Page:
Here's a link to a story from The New Scientist on ethanol. It addresses some of the downsides of ethanol such as the trade off among ethanol, food, and forest as well as the environmental impact of ethanol.
In addition to that story, another reason I don't see ethanol as a viable long term energy alternative, as technology currently stands and the fact that the U.S. can't grow sugar cane like Brazil, is the issue of water. Major growth cities are already worried about the the availability of water in the future. Ethanol would draw more water usage into agricultural uses, diverting it from direct human consumption. The EPA puts the percentage of U.S. water consumption in irrigation at 81%. If water for residential or industrial uses is going to come from anywhere, it's going to come from irrigation. Now whenever someone finds a relatively lower cost method of desalinization, and it will happen eventually, the water issue may not be a problem.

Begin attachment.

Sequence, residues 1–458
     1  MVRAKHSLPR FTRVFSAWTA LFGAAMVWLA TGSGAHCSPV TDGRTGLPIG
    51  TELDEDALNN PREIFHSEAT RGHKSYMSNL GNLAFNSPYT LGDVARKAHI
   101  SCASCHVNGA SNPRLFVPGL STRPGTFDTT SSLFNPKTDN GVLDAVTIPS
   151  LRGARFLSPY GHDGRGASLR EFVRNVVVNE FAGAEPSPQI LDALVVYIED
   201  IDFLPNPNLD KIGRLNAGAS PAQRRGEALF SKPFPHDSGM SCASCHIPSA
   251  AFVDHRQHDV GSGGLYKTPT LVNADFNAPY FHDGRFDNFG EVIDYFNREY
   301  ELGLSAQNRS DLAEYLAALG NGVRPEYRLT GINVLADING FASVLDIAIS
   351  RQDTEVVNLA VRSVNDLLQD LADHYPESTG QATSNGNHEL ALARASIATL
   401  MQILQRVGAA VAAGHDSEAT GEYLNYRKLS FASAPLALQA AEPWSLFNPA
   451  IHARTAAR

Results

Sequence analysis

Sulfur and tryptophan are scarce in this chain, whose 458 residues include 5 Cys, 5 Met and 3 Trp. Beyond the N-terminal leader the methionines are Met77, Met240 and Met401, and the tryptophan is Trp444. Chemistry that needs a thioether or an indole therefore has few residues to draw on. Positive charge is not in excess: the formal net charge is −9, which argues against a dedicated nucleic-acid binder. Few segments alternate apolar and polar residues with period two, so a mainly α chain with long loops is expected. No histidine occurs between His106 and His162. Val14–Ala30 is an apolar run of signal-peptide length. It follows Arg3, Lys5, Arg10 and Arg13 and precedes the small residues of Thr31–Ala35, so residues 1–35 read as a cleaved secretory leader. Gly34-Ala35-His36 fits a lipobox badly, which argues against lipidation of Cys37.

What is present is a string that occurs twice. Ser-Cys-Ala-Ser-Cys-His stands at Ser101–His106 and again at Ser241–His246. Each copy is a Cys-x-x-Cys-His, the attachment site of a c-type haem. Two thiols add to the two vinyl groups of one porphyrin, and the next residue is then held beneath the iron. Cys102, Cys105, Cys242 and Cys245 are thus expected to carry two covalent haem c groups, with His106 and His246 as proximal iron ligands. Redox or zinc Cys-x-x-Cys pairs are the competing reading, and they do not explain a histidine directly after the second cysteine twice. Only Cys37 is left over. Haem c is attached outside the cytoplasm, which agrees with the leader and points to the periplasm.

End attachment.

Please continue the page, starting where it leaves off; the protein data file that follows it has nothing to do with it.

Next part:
Or the development of water markets and enhanced private property rights in water would also be extremely helpful. If water had a market price it could be directed to its most valued use. See Terry L. Anderson's Water Crisis: Ending the Policy Drought (which you can get online for $2.00).